We're taking some actions to adjust the 2020 industry levels and this transition. We've adjusted assembly line rates to balance order intake and maintain a backlog necessary for the efficient operation of our manufacturing plants. Over the past few months, we have reduced daily production by nearly 25%. Manufacturing conversion costs are improving, with stable schedules, lower logistics costs, lower premium freight as well as less unscheduled overtime. Material costs will improve, delivered by the procurement joint venture with TRATON and the easing of commodity prices, in particular, steel. We are proactively managing trades to balance supporting customers and used truck inventory levels.

And last, we're managing SG&A and other costs. We're adjusting assembly plant staffing to reflect volume adjustments, and we are reducing global employment by over 10%. 2020 won't be a banner year like 2019 but it'll still be a good year for Navistar. In 2020, we plan to increase market share for the fourth year in a row; improve margins over 2019 as we advance on our 2020 and 2024 goals of 10% and 12% adjusted EBITDA margin, respectively; continue investing in the TRATON alliance, powertrain and technology programs and the expansion of our Huntsville engine facility; proceed with the new assembly plant in San Antonio, creating a 21st century manufacturing network for our service parts, with increasing market share, growing our all makes brands and our e-commerce efforts; and we will increase activities at NEXT eMobility solutions, beginning limited production of electric school buses late in 2020.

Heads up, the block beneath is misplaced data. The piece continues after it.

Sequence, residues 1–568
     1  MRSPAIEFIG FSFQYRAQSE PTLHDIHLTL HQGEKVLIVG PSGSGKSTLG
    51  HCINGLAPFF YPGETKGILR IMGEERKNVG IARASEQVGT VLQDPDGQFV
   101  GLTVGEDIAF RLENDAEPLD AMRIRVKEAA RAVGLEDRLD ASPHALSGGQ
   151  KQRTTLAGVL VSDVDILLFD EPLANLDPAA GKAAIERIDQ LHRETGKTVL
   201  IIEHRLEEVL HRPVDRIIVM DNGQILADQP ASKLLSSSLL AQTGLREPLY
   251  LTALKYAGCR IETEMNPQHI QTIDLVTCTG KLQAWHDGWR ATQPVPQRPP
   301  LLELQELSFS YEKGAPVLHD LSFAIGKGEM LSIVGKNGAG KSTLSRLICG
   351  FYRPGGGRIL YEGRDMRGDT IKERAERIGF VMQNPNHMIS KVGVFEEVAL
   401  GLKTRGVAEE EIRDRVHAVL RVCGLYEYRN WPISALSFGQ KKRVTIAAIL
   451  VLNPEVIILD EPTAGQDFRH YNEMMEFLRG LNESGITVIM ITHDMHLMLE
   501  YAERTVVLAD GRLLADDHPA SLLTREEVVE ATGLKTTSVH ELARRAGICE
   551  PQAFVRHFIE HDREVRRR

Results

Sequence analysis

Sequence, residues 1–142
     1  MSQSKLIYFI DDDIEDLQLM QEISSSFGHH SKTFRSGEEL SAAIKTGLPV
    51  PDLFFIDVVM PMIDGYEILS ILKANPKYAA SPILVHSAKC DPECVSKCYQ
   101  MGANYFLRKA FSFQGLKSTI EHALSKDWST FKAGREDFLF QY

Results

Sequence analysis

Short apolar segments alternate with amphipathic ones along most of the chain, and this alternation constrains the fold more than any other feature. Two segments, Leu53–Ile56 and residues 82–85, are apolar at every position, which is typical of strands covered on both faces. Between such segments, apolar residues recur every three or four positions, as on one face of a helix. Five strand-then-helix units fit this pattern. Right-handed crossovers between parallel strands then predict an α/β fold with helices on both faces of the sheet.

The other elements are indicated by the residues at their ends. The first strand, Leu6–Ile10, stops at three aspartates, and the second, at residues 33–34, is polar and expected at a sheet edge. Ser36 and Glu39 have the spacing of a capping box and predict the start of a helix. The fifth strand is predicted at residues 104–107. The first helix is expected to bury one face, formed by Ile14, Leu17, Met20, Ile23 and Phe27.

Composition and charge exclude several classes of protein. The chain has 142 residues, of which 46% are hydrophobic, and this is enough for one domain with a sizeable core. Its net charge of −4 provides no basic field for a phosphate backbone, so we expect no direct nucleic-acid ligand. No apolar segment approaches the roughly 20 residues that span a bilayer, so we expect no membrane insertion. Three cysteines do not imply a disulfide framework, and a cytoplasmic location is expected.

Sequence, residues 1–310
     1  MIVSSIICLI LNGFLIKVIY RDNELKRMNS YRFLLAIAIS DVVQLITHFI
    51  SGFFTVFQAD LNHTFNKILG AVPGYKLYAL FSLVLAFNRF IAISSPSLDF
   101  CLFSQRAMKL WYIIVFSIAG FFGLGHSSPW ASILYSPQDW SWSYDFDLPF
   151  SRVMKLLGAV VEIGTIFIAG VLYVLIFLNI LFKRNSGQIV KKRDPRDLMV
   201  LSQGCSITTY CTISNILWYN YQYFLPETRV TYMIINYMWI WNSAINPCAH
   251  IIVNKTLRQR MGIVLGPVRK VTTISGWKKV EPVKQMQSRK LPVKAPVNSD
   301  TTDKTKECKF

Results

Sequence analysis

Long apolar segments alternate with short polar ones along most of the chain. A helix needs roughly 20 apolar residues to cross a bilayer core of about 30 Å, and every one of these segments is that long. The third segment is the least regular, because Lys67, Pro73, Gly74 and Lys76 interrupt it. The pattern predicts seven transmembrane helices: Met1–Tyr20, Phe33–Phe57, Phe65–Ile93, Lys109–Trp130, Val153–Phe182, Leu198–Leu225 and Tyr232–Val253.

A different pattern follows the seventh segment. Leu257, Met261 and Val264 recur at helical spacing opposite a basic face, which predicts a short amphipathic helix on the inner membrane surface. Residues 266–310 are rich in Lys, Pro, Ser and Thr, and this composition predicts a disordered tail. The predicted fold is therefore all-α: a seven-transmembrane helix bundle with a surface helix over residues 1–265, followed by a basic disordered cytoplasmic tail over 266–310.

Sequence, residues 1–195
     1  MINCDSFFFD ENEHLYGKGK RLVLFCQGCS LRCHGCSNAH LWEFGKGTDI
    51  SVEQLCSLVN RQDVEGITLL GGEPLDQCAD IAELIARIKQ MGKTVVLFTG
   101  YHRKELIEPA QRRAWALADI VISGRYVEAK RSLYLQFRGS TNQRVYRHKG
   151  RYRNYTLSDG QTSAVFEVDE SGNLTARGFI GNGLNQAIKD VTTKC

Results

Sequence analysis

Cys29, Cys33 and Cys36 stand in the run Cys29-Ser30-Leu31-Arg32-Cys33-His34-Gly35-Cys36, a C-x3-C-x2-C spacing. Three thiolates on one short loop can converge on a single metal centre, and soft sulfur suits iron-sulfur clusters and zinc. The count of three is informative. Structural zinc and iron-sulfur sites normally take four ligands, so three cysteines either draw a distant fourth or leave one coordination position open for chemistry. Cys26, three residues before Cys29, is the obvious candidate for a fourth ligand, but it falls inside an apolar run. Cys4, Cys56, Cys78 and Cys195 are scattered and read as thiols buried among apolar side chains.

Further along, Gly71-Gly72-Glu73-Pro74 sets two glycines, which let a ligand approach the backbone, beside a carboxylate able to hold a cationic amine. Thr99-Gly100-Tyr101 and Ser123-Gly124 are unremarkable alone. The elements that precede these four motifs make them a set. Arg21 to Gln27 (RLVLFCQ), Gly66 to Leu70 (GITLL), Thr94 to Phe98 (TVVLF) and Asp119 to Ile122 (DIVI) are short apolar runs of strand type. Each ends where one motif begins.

2020 will present some challenges, especially over the next few months, as the market transitions, but we're prepared for these challenges. These are the normal challenges of our industry. The good news is that a resurgent Navistar is prepared to manage through them and prosper. So let me turn it over to Walter, and then I'll come back after his comments are done.

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Walter G. Borst, Navistar International Corporation - Executive VP & CFO [4]